A council appointed by Thailand's military rulers has rejected a controversial new constitution drafted after last year's coup.
A new committee must now be appointed to write another draft, further setting back elections.
The draft has been widely criticised, in particular a clause which enables a 23-member panel to take over government during a "national crisis".
The army ousted the elected government last year after months of unrest.
The 247-member National Reform Council on Sunday rejected the draft charter by 135 votes to 105, with seven abstentions.
Correspondents say that it met strong opposition on practically all sides of the political divide.
Another committee will have 180 days to write a new one, which will later be put to a nationwide referendum.
Analysis: By Jonathan Head, BBC News, Bangkok
So what caused the military-appointed National Reform Council to reject their own side's constitution, the fruit of nine months of labour?
Preliminary conversations with members of the council suggest a number of factors. Some say they wanted to give the new economic team appointed last month by Prime Minister Prayuth more time to improve the ailing economy. Others worried that hostility to the constitution would reignite political divisions in the country in the run-up to the referendum on the charter scheduled for January 2016.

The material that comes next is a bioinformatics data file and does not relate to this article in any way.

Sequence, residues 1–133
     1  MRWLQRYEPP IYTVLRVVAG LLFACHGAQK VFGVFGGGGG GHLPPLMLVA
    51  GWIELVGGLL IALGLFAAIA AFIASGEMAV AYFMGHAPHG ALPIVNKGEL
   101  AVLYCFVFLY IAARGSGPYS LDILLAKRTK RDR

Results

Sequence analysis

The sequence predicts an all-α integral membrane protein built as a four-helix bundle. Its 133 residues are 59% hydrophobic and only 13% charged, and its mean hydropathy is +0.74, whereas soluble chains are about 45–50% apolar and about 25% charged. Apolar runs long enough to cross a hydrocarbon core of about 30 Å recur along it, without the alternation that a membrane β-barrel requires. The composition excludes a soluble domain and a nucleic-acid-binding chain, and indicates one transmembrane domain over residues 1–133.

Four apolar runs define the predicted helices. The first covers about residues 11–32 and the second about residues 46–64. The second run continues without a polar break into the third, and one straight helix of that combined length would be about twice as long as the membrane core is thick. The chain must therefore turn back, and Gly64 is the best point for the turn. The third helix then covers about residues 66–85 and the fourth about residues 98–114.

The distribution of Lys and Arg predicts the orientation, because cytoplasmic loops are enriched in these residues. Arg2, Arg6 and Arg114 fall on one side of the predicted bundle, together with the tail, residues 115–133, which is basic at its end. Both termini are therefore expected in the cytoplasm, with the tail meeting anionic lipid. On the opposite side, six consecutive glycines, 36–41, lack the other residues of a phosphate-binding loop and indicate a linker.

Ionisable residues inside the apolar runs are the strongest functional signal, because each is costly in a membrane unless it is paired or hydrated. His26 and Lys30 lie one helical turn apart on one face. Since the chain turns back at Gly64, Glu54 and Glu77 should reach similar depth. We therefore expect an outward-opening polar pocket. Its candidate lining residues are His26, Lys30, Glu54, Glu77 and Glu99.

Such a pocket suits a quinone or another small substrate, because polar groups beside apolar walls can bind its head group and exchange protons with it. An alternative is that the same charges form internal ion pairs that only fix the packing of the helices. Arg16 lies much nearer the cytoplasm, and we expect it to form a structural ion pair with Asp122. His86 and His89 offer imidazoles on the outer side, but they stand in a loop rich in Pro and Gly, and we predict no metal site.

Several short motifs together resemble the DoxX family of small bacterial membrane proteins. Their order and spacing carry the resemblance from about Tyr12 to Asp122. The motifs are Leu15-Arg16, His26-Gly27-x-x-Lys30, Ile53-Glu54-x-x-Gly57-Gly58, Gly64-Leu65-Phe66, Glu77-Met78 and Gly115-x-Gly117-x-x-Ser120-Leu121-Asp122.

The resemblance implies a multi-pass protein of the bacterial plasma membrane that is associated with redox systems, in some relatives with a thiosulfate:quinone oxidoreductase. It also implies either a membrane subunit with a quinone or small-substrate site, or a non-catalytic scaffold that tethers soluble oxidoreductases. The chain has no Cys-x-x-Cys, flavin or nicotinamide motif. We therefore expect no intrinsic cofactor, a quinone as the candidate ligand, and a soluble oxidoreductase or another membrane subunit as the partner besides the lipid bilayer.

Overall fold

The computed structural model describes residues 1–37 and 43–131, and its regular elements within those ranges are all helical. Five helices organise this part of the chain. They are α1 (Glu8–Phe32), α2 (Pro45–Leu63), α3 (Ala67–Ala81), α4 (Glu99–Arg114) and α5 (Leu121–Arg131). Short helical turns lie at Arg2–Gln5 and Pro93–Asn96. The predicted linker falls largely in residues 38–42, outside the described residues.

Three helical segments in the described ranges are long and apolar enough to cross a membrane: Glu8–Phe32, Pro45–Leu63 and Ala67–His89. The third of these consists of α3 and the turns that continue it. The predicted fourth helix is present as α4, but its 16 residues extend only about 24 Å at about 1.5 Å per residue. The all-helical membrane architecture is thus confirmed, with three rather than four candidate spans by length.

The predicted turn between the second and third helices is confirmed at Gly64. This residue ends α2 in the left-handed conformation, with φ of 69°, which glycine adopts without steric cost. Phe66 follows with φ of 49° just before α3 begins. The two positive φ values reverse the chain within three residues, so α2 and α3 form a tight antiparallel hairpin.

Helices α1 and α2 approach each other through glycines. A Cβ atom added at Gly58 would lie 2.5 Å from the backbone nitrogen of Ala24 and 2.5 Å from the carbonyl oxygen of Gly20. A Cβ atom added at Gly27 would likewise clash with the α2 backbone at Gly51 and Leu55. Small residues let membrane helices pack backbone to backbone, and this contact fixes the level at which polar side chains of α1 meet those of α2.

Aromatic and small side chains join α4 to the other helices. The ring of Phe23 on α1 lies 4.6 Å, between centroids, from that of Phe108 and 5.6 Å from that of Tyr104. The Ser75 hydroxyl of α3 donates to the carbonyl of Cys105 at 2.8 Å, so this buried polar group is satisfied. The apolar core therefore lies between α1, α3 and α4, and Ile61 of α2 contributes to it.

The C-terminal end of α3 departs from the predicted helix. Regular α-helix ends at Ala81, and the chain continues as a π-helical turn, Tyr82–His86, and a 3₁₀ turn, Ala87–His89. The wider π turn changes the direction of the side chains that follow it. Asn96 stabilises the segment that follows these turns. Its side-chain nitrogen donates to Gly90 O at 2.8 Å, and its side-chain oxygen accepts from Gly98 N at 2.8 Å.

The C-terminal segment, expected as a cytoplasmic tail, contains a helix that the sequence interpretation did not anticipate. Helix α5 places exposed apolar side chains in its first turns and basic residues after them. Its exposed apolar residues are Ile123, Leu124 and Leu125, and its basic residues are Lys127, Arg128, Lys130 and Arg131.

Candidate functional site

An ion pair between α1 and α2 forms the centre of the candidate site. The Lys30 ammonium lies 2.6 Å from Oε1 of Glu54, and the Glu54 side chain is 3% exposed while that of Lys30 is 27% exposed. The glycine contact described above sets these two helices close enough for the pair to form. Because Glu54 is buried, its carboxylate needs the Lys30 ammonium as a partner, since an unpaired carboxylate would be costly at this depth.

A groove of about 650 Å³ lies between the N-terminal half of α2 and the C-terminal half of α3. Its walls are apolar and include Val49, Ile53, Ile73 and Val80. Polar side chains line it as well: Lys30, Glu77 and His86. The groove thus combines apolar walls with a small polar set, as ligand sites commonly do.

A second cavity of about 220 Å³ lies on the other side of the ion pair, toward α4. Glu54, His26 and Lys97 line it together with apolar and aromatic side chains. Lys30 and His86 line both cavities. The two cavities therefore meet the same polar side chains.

So the timetable for a return to elected government is postponed to early 2017, but many people here expect it will slip back even further, some wondering whether Thailand can have an election before the end of the decade.
Perhaps the military wanted their charter to fail. The inclusion, at the last minute, of a military-dominated council that for five years could legally take over the government whenever it felt necessary, outraged even some who might have supported the charter, making rejection in a referendum all the more likely.
Then there is the elephant in the room - the looming royal succession, perhaps the most important moment in Thailand's modern history. With King Bhumibol so visibly frail, that could happen any day now. When it does, all talk of elections will be put on hold, possibly for years.
Until a new constitution can be drafted, the military government retains its substantial powers.
It had said elections could take place in late 2016, but analysts say the delay means 2017 is more likely.
Critics of the draft constitution say it would erode the power of political parties in favour of the army and prevent a genuine democracy from being established.
Thailand has seen numerous different constitutions since the end of the absolute monarchy in 1932.
For years the kingdom has been divided between pro-democracy parties that support former Prime Minister Thaksin Shinawatra, and an alliance of conservatives, including members of the military, the judiciary and royalists.
Mr Thaksin's allies have prevailed in every election since 2001, but have faced two coups and the removal of three prime ministers by the courts.